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The brainchild of The Charlatans’ singer Tim Burgess, O Genesis could have been another rockstar vanity label. Instead, over the last seven years, it’s become an important home for maverick musicians whose outsider art would otherwise struggle to find a home. Burgess tells John Earls of impulsive releases and how running a label has honed his secretarial skills…

There’s a long-standing debate as to whether The Charlatans qualify as a Manchester band – half of them are from the West Midlands – but it’s no surprise the city’s Factory Records was a key influence on Tim Burgess when he started his own record label, O Genesis, in 2011. Not only did Burgess hire New Order sleeve overlord Peter Saville to design O Genesis’ logo, the singer also copied Factory head Tony Wilson’s vision that every O Genesis catalogue number was important – even if it wasn’t anything to do with the music. In the same way FAC51 was the Haçienda club and FAC81 was a Factory board meeting, so too OGen11 is a badge of Saville’s logo, while OGen34 is a letter from

The KLF’s Bill Drummond politely declining an invite to record anything for Burgess. “I knew it was unlikely Bill Drummond would say yes,” admits Burgess, who has also given OGen catalogue numbers to the label’s poster and standard record contract. “So long as we got a response from Bill, we could give him a catalogue number.” As well as Factory, Burgess admired Postcard, Crass, Alternative Tentacles and Creation when he was growing up in Cheshire. “Catalogue numbers, like Factory and Crass had, was the first thing I thought of when people mentioned record labels to me,” he explains. “Then it was the artwork, and then it’d be a few of the records. I wanted something similar when I started O Genesis: good cataloguing, nice artwork. And I could help with producing the records. I wanted to sign nice people and to like what they were about as an artist.”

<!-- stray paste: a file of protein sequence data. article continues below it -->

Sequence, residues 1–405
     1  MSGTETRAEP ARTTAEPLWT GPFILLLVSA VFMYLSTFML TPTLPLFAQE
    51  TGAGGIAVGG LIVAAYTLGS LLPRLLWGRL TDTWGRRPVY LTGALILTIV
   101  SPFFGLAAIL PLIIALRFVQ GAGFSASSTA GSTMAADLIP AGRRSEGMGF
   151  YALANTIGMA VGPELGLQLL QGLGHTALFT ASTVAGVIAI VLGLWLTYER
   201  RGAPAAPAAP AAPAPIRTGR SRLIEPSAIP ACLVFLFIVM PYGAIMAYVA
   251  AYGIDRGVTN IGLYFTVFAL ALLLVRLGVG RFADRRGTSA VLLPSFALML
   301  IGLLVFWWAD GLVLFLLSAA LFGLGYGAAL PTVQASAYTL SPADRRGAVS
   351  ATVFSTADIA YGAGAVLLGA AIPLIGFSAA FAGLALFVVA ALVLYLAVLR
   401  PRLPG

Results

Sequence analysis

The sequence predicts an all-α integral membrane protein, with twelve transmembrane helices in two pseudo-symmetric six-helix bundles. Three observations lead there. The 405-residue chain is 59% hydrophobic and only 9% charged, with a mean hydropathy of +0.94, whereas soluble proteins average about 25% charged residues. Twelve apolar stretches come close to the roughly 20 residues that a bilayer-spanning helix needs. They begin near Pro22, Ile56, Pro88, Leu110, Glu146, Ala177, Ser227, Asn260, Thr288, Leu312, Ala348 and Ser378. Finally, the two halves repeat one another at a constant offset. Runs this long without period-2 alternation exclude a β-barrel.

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About Long Live Vinyl

The Beatles or The Rolling Stones? Issue 21 of Long Live Vinyl celebrates the moment 50 years ago when the two biggest bands on earth went head to head on record-shop shelves. Our cover story tells the inside story of the making of The White Album and Beggars Banquet, while taking a look inside the new Deluxe Editions of both albums – you’ve never heard The White Album like this before! And our special collector’s edition covers enable you to choose either a Beatles or Stones edition – or buy both! Elsewhere this issue, we meet two of the most outspoken characters in the current musical landscape – Richard Ashcroft and Baxter Dury – to hear about their extraordinary new albums, and Heavenly Records founder Jeff Barrett talks us through his remarkable life in music, selecting the records that have soundtracked his career. Tim Burgess sits down for a chat about his O Genesis record label, The Trip visits Liverpool, our Classic Album is A Tribe Called Quest’s 1993 hip-hop masterpiece Midnight Marauders and we round up 40 Essential Laurel Canyon records that should be residing in your collection. If all that’s not enough, we bring you the most extensive range of new album, reissue and hardware reviews anywhere on the newsstand.